Using the leaf of the raffia tree, the Kuba people of the Congo first hand cut, and then weave the strips of leaf to make pieces of fabric, often called raffia cloth.
There are several different sub groups of the Kuba people. Each group has different and unique ways to make the fabric. Some make it thicker, longer, shorter, or with different patches. Each patch is symbolic and many times a piece has many different meanings. When kuba cloth originated there were probably no patches used, but as the cloth is brittle it is quite likely that the patches were used to repair the frequent tears. Later, each patch developed a meaning, many patterns are uniquely arranged to tell a story.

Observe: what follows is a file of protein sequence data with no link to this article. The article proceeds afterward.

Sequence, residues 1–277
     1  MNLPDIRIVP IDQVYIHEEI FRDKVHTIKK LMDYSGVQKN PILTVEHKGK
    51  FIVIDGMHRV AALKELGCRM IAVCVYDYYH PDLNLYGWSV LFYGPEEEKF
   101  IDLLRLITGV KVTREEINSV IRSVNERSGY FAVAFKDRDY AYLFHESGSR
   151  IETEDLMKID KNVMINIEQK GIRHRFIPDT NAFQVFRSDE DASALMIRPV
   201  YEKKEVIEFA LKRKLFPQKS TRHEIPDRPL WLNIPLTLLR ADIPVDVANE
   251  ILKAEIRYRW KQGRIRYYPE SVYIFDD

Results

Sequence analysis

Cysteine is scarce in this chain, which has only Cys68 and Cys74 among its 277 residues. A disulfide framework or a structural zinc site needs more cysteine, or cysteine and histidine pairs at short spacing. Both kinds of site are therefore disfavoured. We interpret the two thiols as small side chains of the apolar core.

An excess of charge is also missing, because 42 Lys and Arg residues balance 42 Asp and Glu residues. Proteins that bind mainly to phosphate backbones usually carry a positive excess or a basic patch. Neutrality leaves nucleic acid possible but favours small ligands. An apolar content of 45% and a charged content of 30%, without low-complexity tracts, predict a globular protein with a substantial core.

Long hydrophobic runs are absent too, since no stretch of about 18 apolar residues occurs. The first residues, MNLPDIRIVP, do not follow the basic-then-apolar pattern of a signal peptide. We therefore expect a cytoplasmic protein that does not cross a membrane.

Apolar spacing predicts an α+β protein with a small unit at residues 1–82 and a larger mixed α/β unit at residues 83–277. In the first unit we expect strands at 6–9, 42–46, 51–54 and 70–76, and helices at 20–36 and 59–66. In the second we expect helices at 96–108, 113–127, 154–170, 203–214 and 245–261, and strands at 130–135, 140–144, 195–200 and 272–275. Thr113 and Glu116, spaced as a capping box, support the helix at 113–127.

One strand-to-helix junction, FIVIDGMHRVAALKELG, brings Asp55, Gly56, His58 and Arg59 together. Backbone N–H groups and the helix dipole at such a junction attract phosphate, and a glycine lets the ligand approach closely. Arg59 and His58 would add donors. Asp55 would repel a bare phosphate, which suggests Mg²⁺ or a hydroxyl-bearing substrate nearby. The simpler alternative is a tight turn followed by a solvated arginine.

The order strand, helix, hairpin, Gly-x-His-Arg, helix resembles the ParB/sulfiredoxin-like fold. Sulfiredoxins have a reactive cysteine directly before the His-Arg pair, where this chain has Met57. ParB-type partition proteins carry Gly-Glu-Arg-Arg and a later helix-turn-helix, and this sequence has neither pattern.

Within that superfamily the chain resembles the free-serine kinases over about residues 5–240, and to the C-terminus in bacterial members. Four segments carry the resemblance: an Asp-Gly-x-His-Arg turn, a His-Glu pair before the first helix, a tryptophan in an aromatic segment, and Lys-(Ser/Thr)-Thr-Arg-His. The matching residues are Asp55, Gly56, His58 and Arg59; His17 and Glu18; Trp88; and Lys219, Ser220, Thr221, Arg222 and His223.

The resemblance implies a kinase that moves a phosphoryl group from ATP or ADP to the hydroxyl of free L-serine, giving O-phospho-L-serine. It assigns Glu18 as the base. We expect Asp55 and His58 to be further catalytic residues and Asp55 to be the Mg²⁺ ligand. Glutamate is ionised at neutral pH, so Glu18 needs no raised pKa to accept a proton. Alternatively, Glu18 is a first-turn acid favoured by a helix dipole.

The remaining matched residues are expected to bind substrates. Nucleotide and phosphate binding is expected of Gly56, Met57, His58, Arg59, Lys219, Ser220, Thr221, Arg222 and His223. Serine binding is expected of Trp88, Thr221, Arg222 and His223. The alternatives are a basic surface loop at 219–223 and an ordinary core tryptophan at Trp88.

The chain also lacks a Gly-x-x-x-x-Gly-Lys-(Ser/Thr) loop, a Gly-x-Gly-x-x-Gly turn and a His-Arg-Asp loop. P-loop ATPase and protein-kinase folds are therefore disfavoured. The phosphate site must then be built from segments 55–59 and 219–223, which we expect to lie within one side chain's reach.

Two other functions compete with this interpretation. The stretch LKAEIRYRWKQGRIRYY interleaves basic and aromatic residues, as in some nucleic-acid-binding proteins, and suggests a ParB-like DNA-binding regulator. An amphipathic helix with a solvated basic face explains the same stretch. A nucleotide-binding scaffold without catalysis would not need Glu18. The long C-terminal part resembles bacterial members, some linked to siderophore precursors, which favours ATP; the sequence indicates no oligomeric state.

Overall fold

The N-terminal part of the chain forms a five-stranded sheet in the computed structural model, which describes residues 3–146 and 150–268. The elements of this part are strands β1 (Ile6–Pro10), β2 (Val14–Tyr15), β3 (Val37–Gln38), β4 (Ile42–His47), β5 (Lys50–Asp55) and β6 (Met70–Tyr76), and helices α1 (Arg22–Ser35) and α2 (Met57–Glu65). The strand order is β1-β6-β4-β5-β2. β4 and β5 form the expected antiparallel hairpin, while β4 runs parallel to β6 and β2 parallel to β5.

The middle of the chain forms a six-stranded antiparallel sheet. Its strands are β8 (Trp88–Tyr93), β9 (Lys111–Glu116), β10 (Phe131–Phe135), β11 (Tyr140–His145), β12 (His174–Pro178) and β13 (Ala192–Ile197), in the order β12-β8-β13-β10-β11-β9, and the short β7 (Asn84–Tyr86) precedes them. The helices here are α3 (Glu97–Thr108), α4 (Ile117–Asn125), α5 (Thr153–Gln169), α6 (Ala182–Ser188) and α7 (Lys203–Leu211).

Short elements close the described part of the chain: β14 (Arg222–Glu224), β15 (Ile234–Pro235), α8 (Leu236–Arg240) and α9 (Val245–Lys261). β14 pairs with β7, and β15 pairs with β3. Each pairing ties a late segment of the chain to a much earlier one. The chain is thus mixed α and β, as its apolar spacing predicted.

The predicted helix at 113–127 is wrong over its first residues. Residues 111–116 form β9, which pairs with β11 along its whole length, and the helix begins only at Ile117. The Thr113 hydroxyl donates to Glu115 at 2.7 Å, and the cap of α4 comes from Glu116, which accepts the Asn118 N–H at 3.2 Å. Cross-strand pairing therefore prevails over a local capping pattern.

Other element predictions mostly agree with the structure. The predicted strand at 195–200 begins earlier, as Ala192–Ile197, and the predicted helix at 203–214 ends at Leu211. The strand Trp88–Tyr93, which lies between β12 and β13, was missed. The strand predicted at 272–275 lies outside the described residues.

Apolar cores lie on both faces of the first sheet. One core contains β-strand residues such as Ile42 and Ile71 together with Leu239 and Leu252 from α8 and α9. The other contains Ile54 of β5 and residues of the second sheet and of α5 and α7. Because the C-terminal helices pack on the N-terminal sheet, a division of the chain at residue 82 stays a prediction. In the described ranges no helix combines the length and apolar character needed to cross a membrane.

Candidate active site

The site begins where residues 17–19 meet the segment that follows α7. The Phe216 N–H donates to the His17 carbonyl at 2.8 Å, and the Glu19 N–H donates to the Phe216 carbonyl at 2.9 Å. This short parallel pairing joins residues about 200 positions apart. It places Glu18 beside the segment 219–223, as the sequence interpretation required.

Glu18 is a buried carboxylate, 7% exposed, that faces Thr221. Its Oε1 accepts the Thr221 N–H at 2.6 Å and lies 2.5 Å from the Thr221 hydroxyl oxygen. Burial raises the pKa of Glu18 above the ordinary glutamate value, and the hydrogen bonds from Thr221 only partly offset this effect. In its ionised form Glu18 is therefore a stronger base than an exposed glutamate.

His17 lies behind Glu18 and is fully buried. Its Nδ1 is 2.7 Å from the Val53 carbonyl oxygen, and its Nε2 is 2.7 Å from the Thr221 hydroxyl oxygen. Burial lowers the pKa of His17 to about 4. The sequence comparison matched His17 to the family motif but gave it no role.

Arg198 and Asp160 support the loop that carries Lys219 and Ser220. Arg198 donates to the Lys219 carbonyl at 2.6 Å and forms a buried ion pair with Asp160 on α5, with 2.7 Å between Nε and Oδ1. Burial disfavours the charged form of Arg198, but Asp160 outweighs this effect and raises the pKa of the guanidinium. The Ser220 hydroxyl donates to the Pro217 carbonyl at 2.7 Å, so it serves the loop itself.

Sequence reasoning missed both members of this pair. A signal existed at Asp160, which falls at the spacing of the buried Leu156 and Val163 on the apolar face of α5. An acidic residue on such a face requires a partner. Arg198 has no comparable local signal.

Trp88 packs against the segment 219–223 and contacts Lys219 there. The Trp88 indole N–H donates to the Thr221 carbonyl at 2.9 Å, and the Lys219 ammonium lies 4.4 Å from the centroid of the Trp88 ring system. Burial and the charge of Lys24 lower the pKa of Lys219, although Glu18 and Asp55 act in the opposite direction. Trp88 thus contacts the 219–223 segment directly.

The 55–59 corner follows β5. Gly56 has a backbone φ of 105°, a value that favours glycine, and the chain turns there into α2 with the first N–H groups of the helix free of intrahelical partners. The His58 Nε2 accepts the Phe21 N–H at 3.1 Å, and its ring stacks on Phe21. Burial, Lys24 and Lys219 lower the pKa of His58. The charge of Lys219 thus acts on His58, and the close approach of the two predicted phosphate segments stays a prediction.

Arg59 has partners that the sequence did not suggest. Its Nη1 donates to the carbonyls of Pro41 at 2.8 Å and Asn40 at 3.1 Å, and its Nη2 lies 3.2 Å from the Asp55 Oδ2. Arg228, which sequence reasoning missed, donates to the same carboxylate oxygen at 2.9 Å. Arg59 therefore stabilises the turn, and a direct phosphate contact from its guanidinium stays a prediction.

Size: 9 Panels
23" x 224"